James Cameron’s mega-budget love story set aboard the doomed ocean liner Titanic was a phenomenon. Buoyed by the on-screen chemistry of Leonardo DiCaprio and Kate Winslet, Titanic sailed away with a record 11 Academy Awards and broke box office records until Cameron trumped himself with the equally epic Avatar. The film also installed Celine Dion at the top of global charts for what seemed like an eternity with her heartfelt lament My Heart Will Go On.
To coincide with the centenary of Titanic’s ill-fated maiden voyage, Cameron has revisited his masterpiece and lovingly converted it to 3D. The Oscar-winning writer-director has been at the forefront of expanding the boundaries of the increasingly fashionable format.
At multiplexes and IMAX cinemas, he has created some truly enthralling experiences that soften the blow of inflated ticket prices and the inevitable discomfort of wearing the spectacles. In the case of Titanic, that discomfort lasts for more than three hours but no matter — we’re completely swept along by Cameron’s vision, which uses a fictional blue diamond necklace known as The Heart of the Ocean as the narrative glue between the present and past.
The film begins deep underwater with Brock Lovett (Bill Paxton) and his team of treasure hunters scouring the submerged wreck. The 3D is breathtaking — can almost feel particles in the water brushing against our faces as cameras glide through compartments. The search comes to nought until Brock meets 101-year-old survivor Rose DeWitt Bukater (Gloria Stuart).
Staring transfixed at a sketch of her younger self, Rose recalls her burgeoning romance with spirited artist Jack Dawson (Leonardo DiCaprio) aboard the eponymous luxury liner. Her jealous fiancé Cal Hockley (Billy Zane) schemes to drive a wedge between the sweethearts with the help of his valet Spicer Lovejoy (David Warner) and Rose’s snobbish, money-oriented mother (Frances Fisher). Fate intervenes and passengers fight for their lives as the ship takes on water. Titanic 3D is a feast for the senses and the heart, recalling the epic storytelling of British director David Lean and co, and cements Cameron’s reputation as an action director par excellence, but also as a master helmsman of delicately observed human drama. With all the advances of the past 15 years, the film still looks pristine and colours aren’t dulled by the new format.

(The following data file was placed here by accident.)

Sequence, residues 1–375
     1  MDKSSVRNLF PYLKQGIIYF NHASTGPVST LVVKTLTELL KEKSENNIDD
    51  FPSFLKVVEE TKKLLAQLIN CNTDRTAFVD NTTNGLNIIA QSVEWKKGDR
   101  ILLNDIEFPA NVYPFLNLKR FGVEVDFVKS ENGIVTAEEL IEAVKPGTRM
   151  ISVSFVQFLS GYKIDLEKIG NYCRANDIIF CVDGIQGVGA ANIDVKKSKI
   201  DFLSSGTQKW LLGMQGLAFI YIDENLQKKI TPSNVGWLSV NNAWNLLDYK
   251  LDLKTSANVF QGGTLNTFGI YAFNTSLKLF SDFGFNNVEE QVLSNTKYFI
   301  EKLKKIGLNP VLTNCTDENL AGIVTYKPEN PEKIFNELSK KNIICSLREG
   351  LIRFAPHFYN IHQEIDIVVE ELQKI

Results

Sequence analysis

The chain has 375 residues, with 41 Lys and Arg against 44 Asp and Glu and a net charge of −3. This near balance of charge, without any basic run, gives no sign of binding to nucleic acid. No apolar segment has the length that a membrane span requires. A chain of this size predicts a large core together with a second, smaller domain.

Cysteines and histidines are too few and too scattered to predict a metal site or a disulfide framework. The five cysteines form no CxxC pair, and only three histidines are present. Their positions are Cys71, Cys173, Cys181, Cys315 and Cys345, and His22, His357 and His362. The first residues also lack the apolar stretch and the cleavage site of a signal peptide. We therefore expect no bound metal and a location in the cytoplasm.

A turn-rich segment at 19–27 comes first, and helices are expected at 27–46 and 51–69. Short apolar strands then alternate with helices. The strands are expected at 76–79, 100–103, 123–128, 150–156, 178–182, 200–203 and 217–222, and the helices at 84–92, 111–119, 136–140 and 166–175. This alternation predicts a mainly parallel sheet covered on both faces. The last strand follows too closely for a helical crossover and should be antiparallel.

Indeed, Titanic is perfectly suited to it: water-logged corridors seem to stretch into the distance; and our stomachs lurch with Jack and Rose as they cling to the stern, looking down as fellow passengers tumble to their doom.
Once upon a time . . . The King (Sean Bean) is presumed dead so his wife, the Queen (Julia Roberts), seizes the throne and turns her teenage stepdaughter Snow White (Lily Collins) into a recluse in Mirror Mirror. Hunky Prince Alcott (Armie Hammer) and his manservant Renbock (Robert Emms) arrive at the palace and the Queen decides a love match is in order. But the Queen cannot risk Snow White stealing her thunder.
So the scheming monarch banishes her to the forest, where the young lady will be easy pickings for the carnivorous beast that lives in the trees.
Unbeknown to the Queen, Snow White is rescued by seven plucky dwarves: Napoleon (Jordan Prentice), Butcher (Martin Klebba), Chuckles (Ronald Lee Clark), Grimm (Danny Woodburn), Grub (Joe Gnoffo), Half Pint (Mark Povinelli) and Wolf (Sebastian Saraceno).
They teach the princess to fend for herself and armed with her favourite dagger, Snow White returns to the court.
Mirror Mirror is an effervescent and occasionally uproarious romp, which references the familiar elements including an enchanted looking glass and a poisoned apple. Collins and Hammer are bland as the much-abused heroine and her gallant prince, whose chaste love blossoms in adversity.
However, Roberts and Lane are a hoot, milking generous laughs from Melissa Wallack and Jason Keller’s uneven script.